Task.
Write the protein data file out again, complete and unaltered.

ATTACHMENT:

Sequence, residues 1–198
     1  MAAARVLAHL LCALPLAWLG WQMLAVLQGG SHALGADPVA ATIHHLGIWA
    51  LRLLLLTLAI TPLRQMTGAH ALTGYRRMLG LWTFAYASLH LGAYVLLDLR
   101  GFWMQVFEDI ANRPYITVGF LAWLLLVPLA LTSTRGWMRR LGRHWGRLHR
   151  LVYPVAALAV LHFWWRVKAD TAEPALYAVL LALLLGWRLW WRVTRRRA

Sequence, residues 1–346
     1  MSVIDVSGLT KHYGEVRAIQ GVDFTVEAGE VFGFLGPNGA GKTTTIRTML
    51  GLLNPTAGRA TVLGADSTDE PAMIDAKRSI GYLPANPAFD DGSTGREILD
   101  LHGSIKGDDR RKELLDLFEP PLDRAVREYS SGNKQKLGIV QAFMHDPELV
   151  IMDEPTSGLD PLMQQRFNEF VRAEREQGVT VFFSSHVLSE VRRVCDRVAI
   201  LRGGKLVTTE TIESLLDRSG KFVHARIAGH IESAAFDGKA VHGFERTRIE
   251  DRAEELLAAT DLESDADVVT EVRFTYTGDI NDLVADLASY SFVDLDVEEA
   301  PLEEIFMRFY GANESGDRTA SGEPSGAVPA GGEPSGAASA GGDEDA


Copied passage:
Sequence, residues 1–198
     1  MAAARVLAHL LCALPLAWLG WQMLAVLQGG SHALGADPVA ATIHHLGIWA
    51  LRLLLLTLAI TPLRQMTGAH ALTGYRRMLG LWTFAYASLH LGAYVLLDLR
   101  GFWMQVFEDI ANRPYITVGF LAWLLLVPLA LTSTRGWMRR LGRHWGRLHR
   151  LVYPVAALAV LHFWWRVKAD TAEPALYAVL LALLLGWRLW WRVTRRRA

Sequence, residues 1–346
     1  MSVIDVSGLT KHYGEVRAIQ GVDFTVEAGE VFGFLGPNGA GKTTTIRTML
    51  GLLNPTAGRA TVLGADSTDE PAMIDAKRSI GYLPANPAFD DGSTGREILD
   101  LHGSIKGDDR RKELLDLFEP PLDRAVREYS SGNKQKLGIV QAFMHDPELV
   151  IMDEPTSGLD PLMQQRFNEF VRAEREQGVT VFFSSHVLSE VRRVCDRVAI
   201  LRGGKLVTTE TIESLLDRSG KFVHARIAGH IESAAFDGKA VHGFERTRIE
   251  DRAEELLAAT DLESDADVVT EVRFTYTGDI NDLVADLASY SFVDLDVEEA
   301  PLEEIFMRFY GANESGDRTA SGEPSGAVPA GGEPSGAASA GGDEDA